Beneath Biden’s fuzzy “I feel your pain” facade was the real message: Shut up, obey Fauci, wear your three masks and hope that the government may someday reward you with the carrot instead of beating you with the lockdown stick some more. After all, what are you going to do about it – vote them out?

On top of this is the euphoric tone of the media that the “Pandemic” is over; yet, it is not over.

“White House Refuses to Admit Border Crisis as Illegals Pour In”

by RT, March 10th 2021

The fruits of Joe Biden’s border policies are already apparent: a tripling of children detained at the border, and crossings set to hit record levels. Yet, the administration refuses to acknowledge it has a crisis on its hands. The number of unaccompanied migrant children detained along the southern US border has tripled in the last two weeks to more than 3,250,…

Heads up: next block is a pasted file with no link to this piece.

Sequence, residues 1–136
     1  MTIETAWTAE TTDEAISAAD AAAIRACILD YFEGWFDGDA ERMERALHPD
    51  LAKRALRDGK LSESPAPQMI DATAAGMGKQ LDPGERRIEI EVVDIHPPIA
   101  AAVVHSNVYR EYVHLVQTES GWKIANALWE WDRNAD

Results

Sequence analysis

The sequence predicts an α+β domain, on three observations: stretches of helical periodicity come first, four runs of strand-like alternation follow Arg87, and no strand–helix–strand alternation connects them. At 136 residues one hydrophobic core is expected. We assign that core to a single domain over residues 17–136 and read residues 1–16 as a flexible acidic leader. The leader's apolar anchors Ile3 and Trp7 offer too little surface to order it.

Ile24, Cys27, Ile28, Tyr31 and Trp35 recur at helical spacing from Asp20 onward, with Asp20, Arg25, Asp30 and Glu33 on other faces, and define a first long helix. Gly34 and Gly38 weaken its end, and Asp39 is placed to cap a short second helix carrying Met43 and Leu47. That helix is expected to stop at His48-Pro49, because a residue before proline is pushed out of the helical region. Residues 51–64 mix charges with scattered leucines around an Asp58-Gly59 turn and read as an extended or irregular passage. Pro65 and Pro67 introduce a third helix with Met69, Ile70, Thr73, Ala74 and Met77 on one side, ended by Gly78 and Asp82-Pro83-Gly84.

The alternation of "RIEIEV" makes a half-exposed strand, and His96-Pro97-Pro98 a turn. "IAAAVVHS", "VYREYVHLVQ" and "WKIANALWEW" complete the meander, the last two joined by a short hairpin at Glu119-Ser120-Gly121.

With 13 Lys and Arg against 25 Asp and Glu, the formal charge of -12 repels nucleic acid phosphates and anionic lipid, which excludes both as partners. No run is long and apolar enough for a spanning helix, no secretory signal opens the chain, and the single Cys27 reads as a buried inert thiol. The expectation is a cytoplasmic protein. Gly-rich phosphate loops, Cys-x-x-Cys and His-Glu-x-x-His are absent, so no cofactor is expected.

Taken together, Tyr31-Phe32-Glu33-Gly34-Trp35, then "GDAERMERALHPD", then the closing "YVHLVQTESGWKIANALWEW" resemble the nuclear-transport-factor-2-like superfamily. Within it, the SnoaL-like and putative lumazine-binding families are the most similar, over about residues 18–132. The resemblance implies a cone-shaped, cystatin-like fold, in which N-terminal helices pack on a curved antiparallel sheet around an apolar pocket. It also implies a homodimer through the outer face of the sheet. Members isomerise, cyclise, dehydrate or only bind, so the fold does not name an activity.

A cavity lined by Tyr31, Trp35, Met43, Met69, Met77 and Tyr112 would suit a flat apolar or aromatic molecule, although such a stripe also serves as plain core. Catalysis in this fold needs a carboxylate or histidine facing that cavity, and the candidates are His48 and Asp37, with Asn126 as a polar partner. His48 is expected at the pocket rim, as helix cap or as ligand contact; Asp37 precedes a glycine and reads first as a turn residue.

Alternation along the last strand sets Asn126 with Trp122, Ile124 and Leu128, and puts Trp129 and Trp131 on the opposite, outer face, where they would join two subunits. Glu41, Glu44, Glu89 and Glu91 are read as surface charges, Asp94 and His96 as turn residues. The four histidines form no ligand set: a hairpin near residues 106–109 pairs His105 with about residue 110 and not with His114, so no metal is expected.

These children are filling the same Customs and Border Patrol facilities that Biden himself called “inhumane” during his 2020 campaign, and the “overflow shelters” opened by the Biden administration are nearing capacity.

On top of the surge in child arrivals, agents encountered 78,000 migrants attempting to cross the border in January, the highest number for that month in more than a decade. John Modlin, the interim chief in charge of the Border Patrol’s Tucson, Arizona sector, told Sinclair reporter Sharyl Attkisson on Sunday that if illegal crossing attempts continue at the rate they’ve been going in the last four months, the final tally by the end of this fiscal year will surpass 2018, 2019, and 2020 combined. This uptick in illegal immigration has been directly linked to Biden’s near-total reversal of former president Donald Trump’s tougher border policies.